Could getting your teeth cleaned regularly prevent Alzheimer’s disease? There are, of course, no guarantees, but there has been significant research concluding that healthy gums means less inflammation in the body, which in turn lowers our chances of developing Alzheimer’s disease. Therefore, it does seem wise to consider good oral hygiene part of your healthy lifestyle.
Recently, I happened upon an article by Jaklin Bezik, DDS, MDS explaining the connection between periodontal disease and Alzheimer’s. His article states that periodontal inflammation is associated with inflammation in the brain that is thought to increase the risk for cognitive dysfunctions linked to Alzheimer’s disease.
Reading Bezik’s article reminded me of a press release about a large study by New York University:
NYU dental researchers have found the first long-term evidence that periodontal (gum) disease may increase the risk of cognitive dysfunction associated with Alzheimer's disease in healthy individuals as well as in those who already are cognitively impaired…The research team, led by Dr. Angela Kamer, Assistant Professor of Periodontology & Implant Dentistry, examined 20 years of data that support the hypothesis of a possible causal link between periodontal disease and Alzheimer's disease.
Kamer’s study was conducted in collaboration with Dr. Douglas E. Morse, Associate Professor of Epidemiology & Health Promotion at NYU College of Dentistry, and a team of researchers in Denmark. This study builds upon information from a 2008 study by Dr. Kamer which found that people with Alzheimer's disease had a significantly higher level of antibodies and inflammatory molecules associated with periodontal disease in their blood plasma than their healthy counterparts.
As far back as 2005, the Journal of the American Dental Association reported on a study at the first Alzheimer’s Association International Conference on Prevention of Dementia held in Washington, D.C. The conclusion of the study was that exposure to inflammation early in life quadruples one’s risk of developing Alzheimer’s disease.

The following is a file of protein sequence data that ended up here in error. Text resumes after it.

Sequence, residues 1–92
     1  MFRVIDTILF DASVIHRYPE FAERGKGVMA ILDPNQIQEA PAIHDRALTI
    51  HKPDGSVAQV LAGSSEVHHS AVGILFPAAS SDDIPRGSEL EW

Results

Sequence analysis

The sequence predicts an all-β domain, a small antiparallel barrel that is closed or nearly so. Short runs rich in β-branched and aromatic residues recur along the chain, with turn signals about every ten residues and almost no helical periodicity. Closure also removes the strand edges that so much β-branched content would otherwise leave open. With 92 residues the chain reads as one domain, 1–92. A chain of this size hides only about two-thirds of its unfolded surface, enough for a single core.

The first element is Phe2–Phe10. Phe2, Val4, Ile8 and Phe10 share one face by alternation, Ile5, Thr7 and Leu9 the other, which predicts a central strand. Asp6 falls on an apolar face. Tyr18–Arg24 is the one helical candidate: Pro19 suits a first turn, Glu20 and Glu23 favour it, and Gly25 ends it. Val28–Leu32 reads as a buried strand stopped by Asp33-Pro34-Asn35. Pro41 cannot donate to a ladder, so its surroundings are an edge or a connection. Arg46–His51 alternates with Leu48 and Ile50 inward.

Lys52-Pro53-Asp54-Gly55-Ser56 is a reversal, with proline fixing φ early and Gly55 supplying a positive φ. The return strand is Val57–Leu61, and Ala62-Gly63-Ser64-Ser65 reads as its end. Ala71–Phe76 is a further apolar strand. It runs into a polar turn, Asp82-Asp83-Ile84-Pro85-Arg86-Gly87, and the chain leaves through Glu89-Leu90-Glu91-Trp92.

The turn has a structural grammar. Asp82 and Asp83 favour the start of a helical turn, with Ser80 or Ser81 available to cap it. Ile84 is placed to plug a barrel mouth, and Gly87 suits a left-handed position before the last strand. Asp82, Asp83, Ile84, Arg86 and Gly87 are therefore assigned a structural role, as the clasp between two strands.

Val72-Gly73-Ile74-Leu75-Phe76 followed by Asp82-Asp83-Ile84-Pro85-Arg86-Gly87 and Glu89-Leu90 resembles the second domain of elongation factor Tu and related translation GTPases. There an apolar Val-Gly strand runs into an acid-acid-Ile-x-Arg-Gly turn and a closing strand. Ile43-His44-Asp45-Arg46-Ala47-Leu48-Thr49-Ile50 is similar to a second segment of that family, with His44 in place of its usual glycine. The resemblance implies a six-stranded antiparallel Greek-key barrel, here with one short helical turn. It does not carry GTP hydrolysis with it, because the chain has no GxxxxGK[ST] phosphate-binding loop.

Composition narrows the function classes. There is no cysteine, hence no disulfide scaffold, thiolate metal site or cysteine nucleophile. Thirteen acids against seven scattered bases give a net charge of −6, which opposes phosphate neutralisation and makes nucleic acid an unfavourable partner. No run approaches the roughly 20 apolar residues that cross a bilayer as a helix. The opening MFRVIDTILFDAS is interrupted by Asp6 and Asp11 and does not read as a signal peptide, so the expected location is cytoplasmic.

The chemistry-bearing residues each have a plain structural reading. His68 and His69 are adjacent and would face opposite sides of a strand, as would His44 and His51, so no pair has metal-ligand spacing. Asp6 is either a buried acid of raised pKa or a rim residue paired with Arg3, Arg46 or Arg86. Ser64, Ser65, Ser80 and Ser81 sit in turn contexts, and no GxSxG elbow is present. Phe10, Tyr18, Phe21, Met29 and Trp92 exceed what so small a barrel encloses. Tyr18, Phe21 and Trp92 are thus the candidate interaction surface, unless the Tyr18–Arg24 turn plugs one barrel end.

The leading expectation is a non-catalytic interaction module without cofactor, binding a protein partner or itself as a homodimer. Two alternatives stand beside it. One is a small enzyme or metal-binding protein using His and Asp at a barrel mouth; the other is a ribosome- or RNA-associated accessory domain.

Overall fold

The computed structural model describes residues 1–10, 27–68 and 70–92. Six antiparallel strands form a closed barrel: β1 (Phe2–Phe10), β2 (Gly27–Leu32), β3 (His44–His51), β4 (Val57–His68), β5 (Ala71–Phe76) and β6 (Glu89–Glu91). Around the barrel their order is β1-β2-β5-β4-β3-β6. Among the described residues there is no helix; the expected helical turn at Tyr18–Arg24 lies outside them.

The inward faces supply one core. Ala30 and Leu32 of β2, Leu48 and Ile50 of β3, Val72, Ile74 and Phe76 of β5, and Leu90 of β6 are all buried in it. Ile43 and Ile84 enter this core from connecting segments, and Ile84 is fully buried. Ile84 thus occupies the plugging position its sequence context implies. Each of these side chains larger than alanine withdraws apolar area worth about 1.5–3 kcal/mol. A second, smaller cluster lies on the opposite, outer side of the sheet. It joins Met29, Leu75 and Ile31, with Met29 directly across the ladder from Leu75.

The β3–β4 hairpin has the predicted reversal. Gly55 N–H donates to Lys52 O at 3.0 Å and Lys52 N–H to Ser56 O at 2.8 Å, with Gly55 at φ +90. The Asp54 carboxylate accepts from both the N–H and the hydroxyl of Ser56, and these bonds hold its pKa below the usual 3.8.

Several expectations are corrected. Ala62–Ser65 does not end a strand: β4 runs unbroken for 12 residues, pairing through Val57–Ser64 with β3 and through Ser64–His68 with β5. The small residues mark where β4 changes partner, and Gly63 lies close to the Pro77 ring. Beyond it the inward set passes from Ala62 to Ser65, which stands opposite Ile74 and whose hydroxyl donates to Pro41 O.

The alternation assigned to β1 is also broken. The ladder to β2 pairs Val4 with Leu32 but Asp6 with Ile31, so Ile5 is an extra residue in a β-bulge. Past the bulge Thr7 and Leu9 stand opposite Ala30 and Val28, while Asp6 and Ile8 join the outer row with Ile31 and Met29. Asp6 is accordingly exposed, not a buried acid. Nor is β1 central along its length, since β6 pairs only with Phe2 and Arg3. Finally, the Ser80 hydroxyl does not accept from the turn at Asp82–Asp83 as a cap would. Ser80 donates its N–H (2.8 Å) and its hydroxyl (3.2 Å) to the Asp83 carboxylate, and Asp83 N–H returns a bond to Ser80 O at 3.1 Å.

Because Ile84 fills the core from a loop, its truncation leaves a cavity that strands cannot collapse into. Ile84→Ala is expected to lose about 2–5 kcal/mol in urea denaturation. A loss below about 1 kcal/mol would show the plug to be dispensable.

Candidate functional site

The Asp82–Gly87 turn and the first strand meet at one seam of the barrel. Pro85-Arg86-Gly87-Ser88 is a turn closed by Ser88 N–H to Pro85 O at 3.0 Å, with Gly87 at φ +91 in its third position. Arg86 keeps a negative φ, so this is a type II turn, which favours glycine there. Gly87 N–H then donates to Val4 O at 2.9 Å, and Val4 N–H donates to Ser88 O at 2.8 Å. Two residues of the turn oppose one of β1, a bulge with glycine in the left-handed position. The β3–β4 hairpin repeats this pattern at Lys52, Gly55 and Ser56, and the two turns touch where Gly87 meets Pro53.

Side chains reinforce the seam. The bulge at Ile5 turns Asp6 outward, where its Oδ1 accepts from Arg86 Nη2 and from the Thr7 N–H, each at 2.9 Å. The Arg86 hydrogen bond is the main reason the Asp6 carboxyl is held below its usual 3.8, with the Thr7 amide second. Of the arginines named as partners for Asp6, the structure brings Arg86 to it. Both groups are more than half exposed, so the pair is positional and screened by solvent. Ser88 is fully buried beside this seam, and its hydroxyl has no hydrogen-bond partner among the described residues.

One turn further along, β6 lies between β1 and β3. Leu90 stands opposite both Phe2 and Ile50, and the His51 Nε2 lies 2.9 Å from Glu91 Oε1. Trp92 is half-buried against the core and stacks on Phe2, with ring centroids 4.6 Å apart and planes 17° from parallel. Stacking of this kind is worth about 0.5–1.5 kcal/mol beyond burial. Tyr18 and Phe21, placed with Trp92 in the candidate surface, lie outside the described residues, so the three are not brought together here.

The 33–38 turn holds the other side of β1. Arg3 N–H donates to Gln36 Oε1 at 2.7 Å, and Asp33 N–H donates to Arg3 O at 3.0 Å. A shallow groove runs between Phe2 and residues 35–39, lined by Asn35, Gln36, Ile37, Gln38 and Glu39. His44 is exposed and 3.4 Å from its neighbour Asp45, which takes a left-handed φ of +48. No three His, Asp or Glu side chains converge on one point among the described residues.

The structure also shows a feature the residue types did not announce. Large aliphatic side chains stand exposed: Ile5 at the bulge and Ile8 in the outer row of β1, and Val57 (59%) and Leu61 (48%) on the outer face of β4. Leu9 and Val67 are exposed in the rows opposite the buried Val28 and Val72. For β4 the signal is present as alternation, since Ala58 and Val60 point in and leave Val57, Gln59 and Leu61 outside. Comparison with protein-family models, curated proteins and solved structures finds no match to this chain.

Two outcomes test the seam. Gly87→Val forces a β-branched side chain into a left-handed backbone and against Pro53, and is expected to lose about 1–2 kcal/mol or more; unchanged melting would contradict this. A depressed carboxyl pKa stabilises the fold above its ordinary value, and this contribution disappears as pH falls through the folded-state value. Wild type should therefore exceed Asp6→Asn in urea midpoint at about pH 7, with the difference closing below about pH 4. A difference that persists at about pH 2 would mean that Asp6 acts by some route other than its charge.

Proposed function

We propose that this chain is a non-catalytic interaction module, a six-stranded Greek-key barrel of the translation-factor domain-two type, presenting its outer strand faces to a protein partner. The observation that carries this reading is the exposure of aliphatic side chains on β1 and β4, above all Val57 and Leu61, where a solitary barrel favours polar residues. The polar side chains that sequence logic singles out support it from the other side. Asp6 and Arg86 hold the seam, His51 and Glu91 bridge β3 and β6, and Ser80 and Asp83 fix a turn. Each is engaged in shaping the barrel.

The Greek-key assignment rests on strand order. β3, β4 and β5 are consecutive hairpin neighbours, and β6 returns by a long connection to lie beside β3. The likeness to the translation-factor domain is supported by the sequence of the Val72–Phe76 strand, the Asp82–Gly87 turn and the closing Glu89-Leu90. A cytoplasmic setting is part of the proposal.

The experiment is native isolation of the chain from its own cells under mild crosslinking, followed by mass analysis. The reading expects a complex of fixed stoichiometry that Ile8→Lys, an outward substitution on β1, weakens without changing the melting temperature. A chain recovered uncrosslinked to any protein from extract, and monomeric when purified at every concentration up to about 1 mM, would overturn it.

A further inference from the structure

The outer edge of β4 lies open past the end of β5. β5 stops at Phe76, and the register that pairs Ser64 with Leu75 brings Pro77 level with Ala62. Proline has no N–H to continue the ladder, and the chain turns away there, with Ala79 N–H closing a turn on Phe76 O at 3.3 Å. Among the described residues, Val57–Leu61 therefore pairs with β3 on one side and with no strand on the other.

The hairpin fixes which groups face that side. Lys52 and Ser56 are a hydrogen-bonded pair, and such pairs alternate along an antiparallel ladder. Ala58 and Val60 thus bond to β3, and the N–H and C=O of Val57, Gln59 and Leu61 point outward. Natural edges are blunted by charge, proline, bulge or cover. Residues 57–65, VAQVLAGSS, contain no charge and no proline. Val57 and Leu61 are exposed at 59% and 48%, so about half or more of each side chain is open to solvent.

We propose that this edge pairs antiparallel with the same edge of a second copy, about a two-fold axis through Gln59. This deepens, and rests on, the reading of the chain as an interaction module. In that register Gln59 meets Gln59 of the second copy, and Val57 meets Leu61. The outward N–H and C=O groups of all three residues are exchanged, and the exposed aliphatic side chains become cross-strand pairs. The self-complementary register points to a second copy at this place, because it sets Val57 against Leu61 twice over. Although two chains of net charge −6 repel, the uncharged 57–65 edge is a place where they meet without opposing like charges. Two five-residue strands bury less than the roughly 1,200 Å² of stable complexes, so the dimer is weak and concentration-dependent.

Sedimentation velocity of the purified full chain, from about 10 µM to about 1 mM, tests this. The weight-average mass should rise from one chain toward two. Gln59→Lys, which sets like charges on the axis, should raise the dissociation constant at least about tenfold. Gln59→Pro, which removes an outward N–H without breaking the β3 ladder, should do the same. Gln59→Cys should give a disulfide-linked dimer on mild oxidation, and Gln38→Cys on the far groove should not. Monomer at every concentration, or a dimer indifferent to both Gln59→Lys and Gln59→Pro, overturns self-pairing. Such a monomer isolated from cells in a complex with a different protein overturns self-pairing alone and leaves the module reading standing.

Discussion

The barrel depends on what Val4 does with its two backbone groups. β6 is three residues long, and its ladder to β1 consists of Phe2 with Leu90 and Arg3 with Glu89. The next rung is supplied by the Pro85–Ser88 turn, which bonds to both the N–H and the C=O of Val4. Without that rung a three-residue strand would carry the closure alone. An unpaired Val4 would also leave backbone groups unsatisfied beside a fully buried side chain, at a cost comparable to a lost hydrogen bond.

We’ve read the results of numerous studies showing that a healthy lifestyle including a Mediterranean based diet plus exercise, mental stimulation and a satisfying social life all can support and enhance healthy aging. A significant part of healthy aging, of course, includes avoiding – or at least putting off – the development of Alzheimer’s disease and other dementia. Existing evidence seems strong that it’s worth the time and money to have our teeth professionally cleaned according to the schedule prescribed by our dentist for the sake of our overall health as well as our cognitive functioning. A small investment with a potentially enormous payoff.
Bezik, J. (2012, December 10) The Link Between Gum Disease and Alzheimer’s. Retrieved from http://www.dentistinfairfaxva.com/2012/12/16/the-link-between-gum-disease-and-alzheimers/
Science News (2010, August 4) Gum Inflammation Linked to Alzheimer's Disease. Retrieved from http://www.sciencedaily.com/releases/2010/08/100803112811.htm
New York University (2010, August 3) New Evidence from NYU College of Dentistry Supports Link between Gum Inflammation and Alzheimer’s Disease. Retrieved from http://www.nyu.edu/about/news-publications/news/2010/08/03/new-evidence-supports-link-between-gum-inflammation-and-alzheimers.html
Watts, A. et. al. (2008, October) Inflammation as a potential mediator for the association between periodontal disease and Alzheimer’s disease. Retrieved from http://www.ncbi.nlm.nih.gov/pmc/articles/PMC2626915/
American Dental Association (2005, August) Inflammation Linked to Alzheimer’s Disease. Retrieved from http://jada.ada.org/content/136/8/1084.2.full
Published On: July 18, 2013